Childhood immune thrombocytopenia (ITP) is often considered a benign hematologic disorder. However, 30% of affected children will have a prolonged course and 5%-10% will develop chronic severe refractory disease. Until recently, the only proven therapeutic option for chronic severe ITP was splenectomy, but newer alternatives are now being studied. However, because immunosuppressive agents such as rituximab are not approved for use in ITP and the thrombopoietin receptor agonists are not yet approved in children, the decision to use alternatives to splenectomy needs to be considered carefully. This review describes the factors that should affect decisions to treat ITP at diagnosis and compares the options for the occasional child in whom ITP does not resolve within the first year.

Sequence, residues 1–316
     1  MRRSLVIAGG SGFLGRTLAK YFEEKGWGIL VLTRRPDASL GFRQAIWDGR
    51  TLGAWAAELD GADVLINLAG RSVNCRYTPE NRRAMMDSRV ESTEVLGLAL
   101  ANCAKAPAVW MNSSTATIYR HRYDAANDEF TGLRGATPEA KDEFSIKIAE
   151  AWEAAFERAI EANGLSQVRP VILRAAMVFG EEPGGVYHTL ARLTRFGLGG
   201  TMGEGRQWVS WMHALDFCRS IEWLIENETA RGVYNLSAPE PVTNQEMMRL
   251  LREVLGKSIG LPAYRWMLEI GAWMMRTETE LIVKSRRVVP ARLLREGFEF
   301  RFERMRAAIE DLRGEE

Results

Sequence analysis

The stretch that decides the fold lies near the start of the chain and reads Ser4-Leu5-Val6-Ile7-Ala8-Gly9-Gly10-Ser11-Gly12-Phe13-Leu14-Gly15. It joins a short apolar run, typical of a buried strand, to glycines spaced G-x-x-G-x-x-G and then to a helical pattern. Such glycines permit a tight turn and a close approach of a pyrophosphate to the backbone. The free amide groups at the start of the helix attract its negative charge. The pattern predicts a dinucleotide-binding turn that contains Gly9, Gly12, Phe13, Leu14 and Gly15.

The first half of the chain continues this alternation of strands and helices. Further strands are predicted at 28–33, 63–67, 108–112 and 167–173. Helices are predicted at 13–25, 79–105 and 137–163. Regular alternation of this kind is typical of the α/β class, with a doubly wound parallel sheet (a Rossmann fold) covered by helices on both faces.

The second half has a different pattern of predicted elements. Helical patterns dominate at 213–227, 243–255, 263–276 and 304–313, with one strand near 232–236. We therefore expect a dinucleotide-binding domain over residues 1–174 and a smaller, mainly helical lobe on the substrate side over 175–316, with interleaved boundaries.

|Original language||English (US)|
|Number of pages||6|
|Journal||Hematology / the Education Program of the American Society of Hematology. American Society of Hematology. Education Program|
|State||Published - 2012|
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